|OK - get a load of this before we start the celebrations:-||Downhill deux mille|
Apr 10, 2003 8:04 AM
Apr 10, 2003 8:16 AM
|The same story from MSNBC:
The Guardian reports that also killed was "an aide"; MSNBC reports that the other person killed was a religious leader who was a member of Hussein's Ministry of Religion. MSNBC reports the scenario as effectively a reprisal attack against a vestige of the old regime; the Guardian makes it sound like it was an attack centered on the peacebroker. In terms of apparent facts, MSNBC seems to have a better handle on the background and the actual events, and I think their report is probably more accurate.
|Why? nm||Downhill deux mille|
Apr 10, 2003 8:18 AM
|Try this version||SteveS|
Apr 10, 2003 8:47 AM
|Thursday, April 10, 2003
NAJAF, Iraq A senior Iraqi Shiite leader and an Iraqi official are dead after a crowd rushed them and hacked them to death in a Najaf mosque Thursday, witnesses said. An unknown number of people were injured.
"People attacked and killed both of them inside the mosque," said Ali Assayid Haider, a mullah who traveled from the southern city of Basra for a meeting at the Mosque of Ali.
Reuters reported that senior Iraqi Shiite leader Abdul Majid al-Khoei was assassinated and that the other man killed, Haidar al Kadar, was an aid to al-Khoei. The Associated Press is reporting that Al Kadar is an Iraqi official.
The accounts could not be independently confirmed.
The killings took place at the shrine of Imam Ali, one of the holiest sites of Shiite Islam, practiced by the majority of Iraqis.
Witnesses told reporters visiting the mosque that a meeting was held at 10 a.m. among leading mullahs about how to control the shrine, which has been under the supervision of Al Kadar, who was widely disliked because of his role as a member of President Saddam Hussein's Ministry of Religion.
Those attending also reportedly returned to the city in recent days in hopes that they could play a large part in post-Saddam Hussein reconstruction efforts in Iraq.
In a gesture of reconciliation, al Kadar was accompanied to the shrine by al-Khoei, son of one of the late Grand Ayatollah al-Khoei, spiritual leader of Iraq's Shiites, at the time of the 1991 Gulf War. He was executed by Saddam in 1982.
When the two men appeared, members of another Muslim faction yelled at them. Witnesses say the cleric pulled a gun and fired one or two shots. Both men were then rushed by the crowd and hacked to death with swords and knives.
Apparently feeling threatened, al-Khoei pulled a gun and fired one or two shots before he was killed. Accounts were conflicting over whether he fired the bullets into the air or in the crowd.
"Al Kadar was an animal," said Adil Adnan al-Moussawi, 25, who witnessed the confrontation. "The people were shouting they hate him, he should not be here."
Al-Khoei's family was prominent in southern Iraq. He heads a London-based philanthropic group, and his father was a revered Shiite cleric.
Al-Khoei told The Associated Press recently that he has urged his followers in the Shiite cities to stay at home and let the American troops do the job. He said Saddam's tactics of urban warfare and the use of paramilitary militias made it highly risky for the population to revolt.
More than 150 hard-line Iraqi fighters shut themselves in the inside the gold-domed Mosque of Ali last week while hundreds of demonstrators took to the streets of Najaf to keep U.S. troops from entering the shrine. It holds the tomb of the Shiites' most beloved saint, Imam Ali Ibn Abu Talib, the Prophet Muhammad's cousin and son-in-law.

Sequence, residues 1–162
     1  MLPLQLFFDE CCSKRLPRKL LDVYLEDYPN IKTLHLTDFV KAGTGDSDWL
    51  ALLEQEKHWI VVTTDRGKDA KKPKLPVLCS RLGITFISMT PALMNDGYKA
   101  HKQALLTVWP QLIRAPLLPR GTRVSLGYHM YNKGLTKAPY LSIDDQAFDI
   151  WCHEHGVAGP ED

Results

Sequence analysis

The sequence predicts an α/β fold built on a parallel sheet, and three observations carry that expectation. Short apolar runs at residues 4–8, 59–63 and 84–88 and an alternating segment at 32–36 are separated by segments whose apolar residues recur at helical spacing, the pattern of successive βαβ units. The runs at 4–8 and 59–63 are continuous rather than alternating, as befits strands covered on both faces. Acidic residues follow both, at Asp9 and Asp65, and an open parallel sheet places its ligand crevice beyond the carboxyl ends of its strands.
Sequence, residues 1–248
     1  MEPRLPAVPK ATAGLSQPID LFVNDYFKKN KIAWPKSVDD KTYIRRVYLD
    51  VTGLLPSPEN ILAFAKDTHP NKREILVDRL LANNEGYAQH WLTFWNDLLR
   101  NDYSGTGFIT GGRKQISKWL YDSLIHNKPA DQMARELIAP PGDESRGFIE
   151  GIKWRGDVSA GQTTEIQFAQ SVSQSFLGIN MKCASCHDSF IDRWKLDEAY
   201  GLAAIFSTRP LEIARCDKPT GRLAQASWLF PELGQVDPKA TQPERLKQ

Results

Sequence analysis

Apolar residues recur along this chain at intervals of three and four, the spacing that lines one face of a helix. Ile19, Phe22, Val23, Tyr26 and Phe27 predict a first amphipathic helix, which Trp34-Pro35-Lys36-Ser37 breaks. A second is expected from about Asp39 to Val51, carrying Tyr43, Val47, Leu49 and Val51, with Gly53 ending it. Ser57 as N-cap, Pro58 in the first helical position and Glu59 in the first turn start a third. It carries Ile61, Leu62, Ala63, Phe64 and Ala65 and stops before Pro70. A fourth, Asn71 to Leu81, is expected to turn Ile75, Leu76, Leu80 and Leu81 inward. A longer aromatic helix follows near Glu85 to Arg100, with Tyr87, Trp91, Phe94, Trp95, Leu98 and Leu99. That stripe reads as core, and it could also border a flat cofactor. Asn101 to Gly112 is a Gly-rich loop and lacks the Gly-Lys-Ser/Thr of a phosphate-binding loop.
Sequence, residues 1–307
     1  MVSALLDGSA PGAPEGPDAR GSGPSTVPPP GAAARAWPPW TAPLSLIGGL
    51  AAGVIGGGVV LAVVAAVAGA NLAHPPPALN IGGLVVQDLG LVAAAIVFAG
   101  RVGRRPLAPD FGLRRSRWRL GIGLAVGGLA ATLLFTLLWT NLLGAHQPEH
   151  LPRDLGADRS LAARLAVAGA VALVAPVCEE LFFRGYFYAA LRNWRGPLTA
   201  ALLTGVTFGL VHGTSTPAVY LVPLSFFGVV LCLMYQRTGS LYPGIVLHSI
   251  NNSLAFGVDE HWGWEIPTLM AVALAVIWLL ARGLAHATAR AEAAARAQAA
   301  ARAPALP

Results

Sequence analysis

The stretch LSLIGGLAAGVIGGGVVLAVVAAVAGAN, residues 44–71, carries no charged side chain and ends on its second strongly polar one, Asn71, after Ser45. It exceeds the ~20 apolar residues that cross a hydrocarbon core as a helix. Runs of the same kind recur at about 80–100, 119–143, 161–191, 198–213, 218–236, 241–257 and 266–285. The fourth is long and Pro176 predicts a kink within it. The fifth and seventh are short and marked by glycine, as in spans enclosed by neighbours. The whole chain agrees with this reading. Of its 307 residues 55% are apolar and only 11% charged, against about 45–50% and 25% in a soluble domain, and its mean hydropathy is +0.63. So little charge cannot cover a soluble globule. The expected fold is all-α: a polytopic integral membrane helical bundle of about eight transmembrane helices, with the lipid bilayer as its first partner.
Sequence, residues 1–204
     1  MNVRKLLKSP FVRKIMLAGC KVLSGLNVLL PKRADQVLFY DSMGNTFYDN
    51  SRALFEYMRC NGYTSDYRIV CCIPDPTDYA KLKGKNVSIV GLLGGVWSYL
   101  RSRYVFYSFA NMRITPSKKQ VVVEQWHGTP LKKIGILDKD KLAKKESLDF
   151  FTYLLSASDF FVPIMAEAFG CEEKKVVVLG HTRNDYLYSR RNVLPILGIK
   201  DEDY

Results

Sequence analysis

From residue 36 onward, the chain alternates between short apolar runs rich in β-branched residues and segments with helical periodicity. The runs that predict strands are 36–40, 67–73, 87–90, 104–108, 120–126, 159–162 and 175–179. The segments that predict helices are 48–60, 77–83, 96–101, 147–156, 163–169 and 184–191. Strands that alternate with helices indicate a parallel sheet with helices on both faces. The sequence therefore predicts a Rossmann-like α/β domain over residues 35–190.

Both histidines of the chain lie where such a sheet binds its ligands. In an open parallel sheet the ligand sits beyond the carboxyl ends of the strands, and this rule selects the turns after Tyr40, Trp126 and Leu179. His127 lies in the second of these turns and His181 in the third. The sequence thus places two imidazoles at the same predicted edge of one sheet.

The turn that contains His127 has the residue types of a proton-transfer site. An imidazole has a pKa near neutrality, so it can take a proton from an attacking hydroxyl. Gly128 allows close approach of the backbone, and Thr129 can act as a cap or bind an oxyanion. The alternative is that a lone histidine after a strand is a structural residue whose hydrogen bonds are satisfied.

American helicopters flew above the shrine, dropping leaflets urging surrender by the barricaded members of the Baath Party and the Fedayeen Saddam.
Al-Khoei, who arrived in Najaf that day, said then that local clerics were attempting to negotiate a deal where Iraqi loyalists would leave the mosque in return for safe passage out of the city.
Last Wednesday, U.S. officials accused Iraqi forces of firing on coalition troops from inside the mosque.
|Here's yet another||Downhill deux mille|
Apr 10, 2003 8:53 AM
Point is, it's a can of worms.
Still intersted to know why TJ thinks one version is better than another - does he have some inside info? And, come to that, what "apparent facts" are? Apparent to who, and how?
Apr 10, 2003 9:04 AM
|has a pathological hatred of the Guardian|
Apr 10, 2003 9:29 AM
|the tough days are yet to come.|
|Dopey addicts rejoice...||SteveS|
Apr 10, 2003 2:06 PM
|Think of all the invasions of oil producing countries that you can postulate about and how tough they will be to conquer; Mexico, Venezuela, Nigeria...yaddy yada, or maybe easier at hand Kuwait.
What a foolish harp. But definitely addicted to dopey postulates.
Apr 10, 2003 3:36 PM
|You will like this article by such a smart libbie he must be on NPR...and to think, he can pronouce 'nuke-you-lur' correctly. Thats about all though, and with the foresight of just 10 days ago...
"RAINING ON BUSH'S IRAQI VICTORY PARADE
Eric S. Margolis
31 March 2003
The opening weeks of the Second Oil War against Iraq - aka Operation Iraq Freedom - produced the advertised 'shock and awe' all right, but it came in Washington rather than bomb-blasted Baghdad.
The immediate uprisings against Great Satan Saddam, the quick, almost effortless 'liberation' of Iraq, and the joyous reception by grateful Iraqis promised by the neo-conservatives who misled America into this increasingly ugly war have been exposed as a farrago of lies or distortions.
So much for VP Cheney's claim that the regime of Saddam Hussein was a 'house of cards' that would collapse at the first shock, and the Bush Administration's Rasputin, Richard Perle, who promised the Iraqis would run like rabbits at 'the first whiff of gunpowder.' The only part of the campaign that was on plan was the occupation of most of Iraq's oil fields. Contracts are already being given to US firms for their operation and maintenance
Iraqis, very clearly, do not want to be 'liberated,' even many who had long opposed Saddam's brutal regime. To the contrary, the US-British invasion appears to have ignited genuine national resistance among 17 million Arab Iraqis, just as the 1941 German invasion of the USSR rallied Russians and Ukrainians behind Stalin's hated regime.